CBDC Hearing Shows Diversity Of Opinion Among House Financial Services Democrats

CBDCs hearing

Today, the House Financial Services Subcommittee on Digital Assets, Financial Technology and Inclusion convened a hearing titled, “Digital Dollar Dilemma: The Implications of a Central Bank Digital Currency and Private Sector Alternatives.” View the hearing page.  And, see the video.

Just before the hearing began, Rep. Stephen Lynch (D, MA), who is also the Ranking Member of the HFS Digital Assets Subcommittee, drew the battle lines with Republicans beginning with an announcement about the creation of the Digital Dollar Caucus, a list of whose membership is expected within a week according to a spokesperson. The Ranking Member also reintroduced H.R. 5410, “the Electronic Currency and Secure Hardware (ECASH) Act, which would develop an electronic version of the U.S. Dollar for use by the American public.” Co-sponsors include Democrats Rep. Ayanna Pressley (MA), Rep. Rashida Tlaib (MI) and Rep. Jesus Garcia (IL) – none of whom are on the Digital Assets Subcommittee. Read the press release.

Digging into the text of the bill, the ECASH Act asks U.S. Treasury “to develop and pilot digital dollar technologies that replicate the privacy-respecting features of physical cash.” See it.

FedNow, stablecoins, ECASH, CBDCs.. the lines are blurring.

Lynch’s legislation mingled with the hearing’s other bills which were skeptical of a CBDC, at best, including: Majority Whip Rep. Tom Emmer’s [H.R. 1122] “CBDC Anti-Surveillance State Act,” the bipartisan “Power of the Mint Act” [H.R. 3402] and the “Digital Dollar Prevention Act” [H.R. 3712] with 19 Republican co-sponsors. Continue reading “CBDC Hearing Shows Diversity Of Opinion Among House Financial Services Democrats”

Vice Chair Michael Barr Discusses New Novel Activities Program At Federal Reserve

Michael Barr

In a fireside chat at Day 2 of the Seventh Annual Fintech Conference at the Federal Reserve Bank of Philadelphia on Friday,  Federal Reserve Vice Chair Michael Barr participated in a fireside chat moderated by Sunayna Tuteja, the Federal Reserve System’s Chief Innovation Officer.

Before he answered questions, Barr delivered a speech entitled, “The Federal Reserve’s Role in Supporting Responsible Innovation,” (read it here) where he discussed the Fed’s ongoing exploration of Central Bank Digital Currencies (CBDCs), the launch of FedNow as well as where stablecoins or “private money,” as Barr termed it, may fit in the U.S. financial system.

He said, “I remain deeply concerned about stablecoin issuance without strong federal oversight.” Nevertheless, Barr stressed the importance of financial innovation and that it was “absolutely essential for our economy.”

Below is an edited transcript of Vice Chair Barr’s discussion with the Fed’s Sunaya Tuteja.

on payments innovation and financial inclusion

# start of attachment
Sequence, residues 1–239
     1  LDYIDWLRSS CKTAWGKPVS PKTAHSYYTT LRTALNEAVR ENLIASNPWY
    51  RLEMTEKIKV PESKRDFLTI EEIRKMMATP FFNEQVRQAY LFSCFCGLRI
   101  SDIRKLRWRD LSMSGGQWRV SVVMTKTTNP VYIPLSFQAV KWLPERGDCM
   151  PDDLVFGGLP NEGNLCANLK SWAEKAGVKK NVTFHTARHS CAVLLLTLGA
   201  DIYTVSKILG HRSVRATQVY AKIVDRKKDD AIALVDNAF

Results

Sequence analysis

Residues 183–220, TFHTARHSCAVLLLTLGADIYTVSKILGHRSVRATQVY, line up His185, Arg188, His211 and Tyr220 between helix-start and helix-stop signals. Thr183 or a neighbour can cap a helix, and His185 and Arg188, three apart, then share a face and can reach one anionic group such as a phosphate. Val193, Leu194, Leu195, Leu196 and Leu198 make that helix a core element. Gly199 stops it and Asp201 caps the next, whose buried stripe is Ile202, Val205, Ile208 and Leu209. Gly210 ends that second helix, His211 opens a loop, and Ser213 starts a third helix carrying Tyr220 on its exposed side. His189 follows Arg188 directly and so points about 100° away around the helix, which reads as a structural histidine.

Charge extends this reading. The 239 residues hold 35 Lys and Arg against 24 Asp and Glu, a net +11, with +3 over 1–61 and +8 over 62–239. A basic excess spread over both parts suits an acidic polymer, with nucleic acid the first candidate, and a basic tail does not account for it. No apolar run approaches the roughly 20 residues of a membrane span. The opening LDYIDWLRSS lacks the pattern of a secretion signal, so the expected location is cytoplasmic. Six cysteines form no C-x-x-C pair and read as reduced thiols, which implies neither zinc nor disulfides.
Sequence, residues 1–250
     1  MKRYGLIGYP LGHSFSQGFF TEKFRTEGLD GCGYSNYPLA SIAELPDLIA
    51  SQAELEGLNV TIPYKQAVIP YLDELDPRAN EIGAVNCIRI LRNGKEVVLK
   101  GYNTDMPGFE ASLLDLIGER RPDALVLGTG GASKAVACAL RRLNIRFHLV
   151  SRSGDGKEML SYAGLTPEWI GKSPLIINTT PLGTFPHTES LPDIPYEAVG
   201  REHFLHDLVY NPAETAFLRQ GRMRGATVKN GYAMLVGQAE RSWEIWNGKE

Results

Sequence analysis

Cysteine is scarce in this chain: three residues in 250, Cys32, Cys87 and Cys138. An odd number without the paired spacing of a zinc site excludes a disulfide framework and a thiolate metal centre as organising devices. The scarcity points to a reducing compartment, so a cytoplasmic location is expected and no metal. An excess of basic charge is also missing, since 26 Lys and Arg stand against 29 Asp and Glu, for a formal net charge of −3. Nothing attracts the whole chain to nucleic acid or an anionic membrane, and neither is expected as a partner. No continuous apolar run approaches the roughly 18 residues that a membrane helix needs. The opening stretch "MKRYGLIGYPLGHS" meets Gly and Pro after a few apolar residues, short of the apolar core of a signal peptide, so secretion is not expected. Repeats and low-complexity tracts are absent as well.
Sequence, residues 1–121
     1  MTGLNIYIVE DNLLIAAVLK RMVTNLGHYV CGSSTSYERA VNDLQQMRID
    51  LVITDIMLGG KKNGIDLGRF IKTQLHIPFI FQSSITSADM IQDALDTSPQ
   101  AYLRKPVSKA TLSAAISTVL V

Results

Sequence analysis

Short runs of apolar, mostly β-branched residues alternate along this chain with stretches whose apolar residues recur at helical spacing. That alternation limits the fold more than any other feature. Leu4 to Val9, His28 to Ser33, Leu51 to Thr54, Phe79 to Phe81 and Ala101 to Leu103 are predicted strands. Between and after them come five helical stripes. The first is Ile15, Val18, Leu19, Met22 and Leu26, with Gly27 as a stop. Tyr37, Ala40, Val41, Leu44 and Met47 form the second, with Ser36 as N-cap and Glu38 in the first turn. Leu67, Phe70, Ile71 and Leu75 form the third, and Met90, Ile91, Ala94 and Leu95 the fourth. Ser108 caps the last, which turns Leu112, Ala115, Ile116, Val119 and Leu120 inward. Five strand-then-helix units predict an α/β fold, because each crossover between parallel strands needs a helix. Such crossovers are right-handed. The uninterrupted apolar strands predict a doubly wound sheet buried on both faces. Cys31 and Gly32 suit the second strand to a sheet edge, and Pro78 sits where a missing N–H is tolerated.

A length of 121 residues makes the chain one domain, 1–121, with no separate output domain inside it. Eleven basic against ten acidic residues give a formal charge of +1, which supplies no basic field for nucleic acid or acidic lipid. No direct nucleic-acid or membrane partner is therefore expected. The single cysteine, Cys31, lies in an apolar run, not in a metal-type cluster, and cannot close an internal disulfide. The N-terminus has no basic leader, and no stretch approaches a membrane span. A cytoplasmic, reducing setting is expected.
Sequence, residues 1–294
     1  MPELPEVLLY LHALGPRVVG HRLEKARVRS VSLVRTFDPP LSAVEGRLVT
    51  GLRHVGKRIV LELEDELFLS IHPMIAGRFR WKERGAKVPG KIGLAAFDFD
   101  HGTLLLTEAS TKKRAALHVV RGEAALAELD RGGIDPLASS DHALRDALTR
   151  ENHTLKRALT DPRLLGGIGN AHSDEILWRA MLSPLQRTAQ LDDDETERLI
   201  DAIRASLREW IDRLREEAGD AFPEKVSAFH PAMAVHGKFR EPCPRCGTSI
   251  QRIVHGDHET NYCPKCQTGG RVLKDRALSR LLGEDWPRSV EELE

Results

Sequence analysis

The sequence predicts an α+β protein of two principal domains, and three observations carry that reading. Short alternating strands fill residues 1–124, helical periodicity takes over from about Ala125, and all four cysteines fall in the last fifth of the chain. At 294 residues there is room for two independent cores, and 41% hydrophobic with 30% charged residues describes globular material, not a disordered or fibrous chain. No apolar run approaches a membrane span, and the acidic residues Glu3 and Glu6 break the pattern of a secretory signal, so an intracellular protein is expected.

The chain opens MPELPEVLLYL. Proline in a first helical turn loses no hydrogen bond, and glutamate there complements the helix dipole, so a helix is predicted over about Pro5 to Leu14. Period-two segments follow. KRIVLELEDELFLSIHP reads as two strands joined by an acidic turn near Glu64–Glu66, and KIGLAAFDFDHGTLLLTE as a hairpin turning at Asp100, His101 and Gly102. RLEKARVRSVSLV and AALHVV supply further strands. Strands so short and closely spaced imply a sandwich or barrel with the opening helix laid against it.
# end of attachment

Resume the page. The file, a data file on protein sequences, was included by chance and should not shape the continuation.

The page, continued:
Vice Chair Michael Barr: “…The payment system is one of these aspects of finance that is so critical for people’s everyday lives. Most of us can take for granted that we can get paid, we can store money and we can pay bills in a pretty seamless way if you’re in the higher socio-economic classes of people who have access to these kinds of financial services. But if you’re a low or moderate income person payment services actually can be a real problem. It can be hard to receive your income. A lot of people still get paid by check and have to get that check cashed somewhere. A lot of low income people 5% of Americans are outside the banking system and don’t have a bank account at all. 15% of Americans according to the FDIC are underbanked that is they have a bank account but they still use expensive alternative financial services.” Continue reading “Vice Chair Michael Barr Discusses New Novel Activities Program At Federal Reserve”

Senator Hagerty Touts Need For Crypto Clarity And Stablecoin Transparency Act

Senator Bill Hagerty

Senator Bill Hagerty (R, TN), who sits on the Senate Banking Committee, spoke to Cato Institute’s Jennifer Schulp, at Cato’s “Staying Ahead of the Curve: Crypto Regulation and Competitiveness” event in Washington, D.C. today.

View video of the event here.

Senator Hagerty addressed a number of “hot button” digital assets topics in Congress today including “choke point 2.0” (popular with the Republican caucus), Securities and Exchange Commission Chair Gary Gensler, crypto and the U.S. dollar’s co-existence, innovation and digital assets legislation momentum in Congress.

Also of note, the Senator touted his own stablecoin bill – Stablecoin Transparency Act [S.3970], which was introduced in March 2022 in the 117th Congress – saying that it’s simplicity (only 2 pages) was the way forward with digital assets legislation rather than something more all-encompassing or “fulsome” as the Senator described it.